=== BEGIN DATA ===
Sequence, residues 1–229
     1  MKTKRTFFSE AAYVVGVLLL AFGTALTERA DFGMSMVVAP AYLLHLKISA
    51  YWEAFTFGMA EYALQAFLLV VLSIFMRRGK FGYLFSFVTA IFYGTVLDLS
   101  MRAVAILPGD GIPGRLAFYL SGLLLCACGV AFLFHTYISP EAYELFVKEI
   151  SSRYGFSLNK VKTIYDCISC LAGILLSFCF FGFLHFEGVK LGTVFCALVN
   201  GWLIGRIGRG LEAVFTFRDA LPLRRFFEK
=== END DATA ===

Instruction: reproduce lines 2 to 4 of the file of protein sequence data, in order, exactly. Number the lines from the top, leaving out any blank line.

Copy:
     1  MKTKRTFFSE AAYVVGVLLL AFGTALTERA DFGMSMVVAP AYLLHLKISA
    51  YWEAFTFGMA EYALQAFLLV VLSIFMRRGK FGYLFSFVTA IFYGTVLDLS
   101  MRAVAILPGD GIPGRLAFYL SGLLLCACGV AFLFHTYISP EAYELFVKEI